The armadillo is rarely grouped with dolphins, alligators, sea turtles and other fauna associated with the Lowcountry.
But the armored mammal already has its thick, dull claws bored firmly into the sandy soils of inland Beaufort County and is burrowing its way deeper and deeper into the area.
Here are a few fun facts about this critter.
BANDED DIGGERS. The armadillo is rarely grouped with dolphins, alligators, sea turtles and other fauna associated with the Lowcountry. But the armored mammal already has its thick, dull claws bored firmly into the sandy soils of Beaufort County and is burrowing its way deeper into the area. The range of these critters is limited somewhat by temperatures — it doesn’t like it when it’s below 36 degrees and above 85 degrees. These banded diggers are often seen rooting through flower beds and burrowing on golf courses to snack on ants, termites and other small invertebrates.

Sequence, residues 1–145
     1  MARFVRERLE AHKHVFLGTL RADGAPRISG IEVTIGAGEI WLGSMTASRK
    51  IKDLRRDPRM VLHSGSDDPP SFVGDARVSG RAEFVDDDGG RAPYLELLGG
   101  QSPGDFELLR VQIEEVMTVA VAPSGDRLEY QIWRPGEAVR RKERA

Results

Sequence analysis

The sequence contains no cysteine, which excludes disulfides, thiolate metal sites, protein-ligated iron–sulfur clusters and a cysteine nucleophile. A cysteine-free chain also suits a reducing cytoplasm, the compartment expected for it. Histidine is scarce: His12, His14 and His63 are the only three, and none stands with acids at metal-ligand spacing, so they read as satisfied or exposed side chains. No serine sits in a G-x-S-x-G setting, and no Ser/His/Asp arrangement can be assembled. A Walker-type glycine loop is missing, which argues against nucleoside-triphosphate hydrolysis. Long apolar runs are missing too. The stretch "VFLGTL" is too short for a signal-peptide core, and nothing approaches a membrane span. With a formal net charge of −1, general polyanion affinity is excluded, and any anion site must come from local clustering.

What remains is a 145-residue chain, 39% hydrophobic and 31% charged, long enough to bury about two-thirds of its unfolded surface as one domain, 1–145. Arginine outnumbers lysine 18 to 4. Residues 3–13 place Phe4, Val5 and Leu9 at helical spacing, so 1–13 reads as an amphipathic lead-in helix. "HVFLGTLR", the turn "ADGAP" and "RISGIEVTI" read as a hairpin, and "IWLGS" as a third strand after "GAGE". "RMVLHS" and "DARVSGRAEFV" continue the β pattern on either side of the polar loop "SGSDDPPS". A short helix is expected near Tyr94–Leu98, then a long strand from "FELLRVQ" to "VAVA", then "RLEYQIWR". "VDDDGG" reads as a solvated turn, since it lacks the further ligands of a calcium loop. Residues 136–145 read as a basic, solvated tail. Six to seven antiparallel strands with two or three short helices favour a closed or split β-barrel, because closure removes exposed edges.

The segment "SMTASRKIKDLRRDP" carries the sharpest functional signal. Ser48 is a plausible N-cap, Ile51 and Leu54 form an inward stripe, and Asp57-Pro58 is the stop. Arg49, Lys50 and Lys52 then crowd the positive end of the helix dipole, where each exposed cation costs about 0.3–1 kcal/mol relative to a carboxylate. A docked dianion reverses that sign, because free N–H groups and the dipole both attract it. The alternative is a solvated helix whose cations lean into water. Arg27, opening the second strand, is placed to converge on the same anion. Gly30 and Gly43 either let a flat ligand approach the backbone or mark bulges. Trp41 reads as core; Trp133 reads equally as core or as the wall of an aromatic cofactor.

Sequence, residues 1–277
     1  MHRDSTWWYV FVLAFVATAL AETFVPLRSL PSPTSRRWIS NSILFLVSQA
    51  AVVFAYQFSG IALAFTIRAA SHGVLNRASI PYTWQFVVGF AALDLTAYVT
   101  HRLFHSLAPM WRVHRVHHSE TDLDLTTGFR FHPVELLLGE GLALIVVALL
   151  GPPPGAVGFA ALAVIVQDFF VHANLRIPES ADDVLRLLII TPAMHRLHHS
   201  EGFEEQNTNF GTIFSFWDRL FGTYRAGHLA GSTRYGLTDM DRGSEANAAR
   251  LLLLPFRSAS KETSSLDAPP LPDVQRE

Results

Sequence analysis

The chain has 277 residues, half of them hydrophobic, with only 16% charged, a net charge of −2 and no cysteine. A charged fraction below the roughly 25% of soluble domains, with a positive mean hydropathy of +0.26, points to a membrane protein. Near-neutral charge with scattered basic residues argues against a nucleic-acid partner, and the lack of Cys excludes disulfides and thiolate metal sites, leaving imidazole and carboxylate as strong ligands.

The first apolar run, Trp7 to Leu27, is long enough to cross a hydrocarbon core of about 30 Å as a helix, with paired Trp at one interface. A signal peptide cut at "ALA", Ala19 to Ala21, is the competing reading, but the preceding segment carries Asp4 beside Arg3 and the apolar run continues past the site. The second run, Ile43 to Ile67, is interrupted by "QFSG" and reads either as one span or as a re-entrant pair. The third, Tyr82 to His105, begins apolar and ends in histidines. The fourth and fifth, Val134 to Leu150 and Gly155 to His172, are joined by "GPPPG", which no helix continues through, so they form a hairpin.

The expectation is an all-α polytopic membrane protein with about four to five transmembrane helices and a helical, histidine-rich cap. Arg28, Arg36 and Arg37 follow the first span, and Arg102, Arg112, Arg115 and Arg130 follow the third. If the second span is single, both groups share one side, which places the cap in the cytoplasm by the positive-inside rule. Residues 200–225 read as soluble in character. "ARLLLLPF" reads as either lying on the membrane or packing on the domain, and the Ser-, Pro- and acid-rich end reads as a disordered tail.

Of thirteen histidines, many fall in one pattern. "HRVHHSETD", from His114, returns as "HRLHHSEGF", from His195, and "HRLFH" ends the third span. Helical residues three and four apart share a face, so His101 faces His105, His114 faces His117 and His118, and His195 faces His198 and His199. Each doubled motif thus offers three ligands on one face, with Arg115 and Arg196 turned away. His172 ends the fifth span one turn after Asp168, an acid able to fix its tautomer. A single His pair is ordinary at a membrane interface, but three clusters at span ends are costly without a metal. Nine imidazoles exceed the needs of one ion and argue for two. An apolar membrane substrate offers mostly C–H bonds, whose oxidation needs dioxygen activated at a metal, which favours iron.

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SCAREDY CATS. When an armadillo gets scared, it jumps straight up. A startled armadillo can jump three to four feet into the air, according to the National Library of Congress.
SLOW MOVERS. With all that armor, armadillos still fall victim to one of their biggest enemies: motor vehicles. That’s because armadillos don’t move very fast. “Their biggest challenge right now is the highway system,” said Greg Yarrow, chairman of Clemson University’s Natural Resources Department. “If they don’t get hit by the tire of the vehicle, they will get hit by the bumper or the grill of the car. It is not a great adaptive trait,” he said. “They did not evolve for the vehicles.”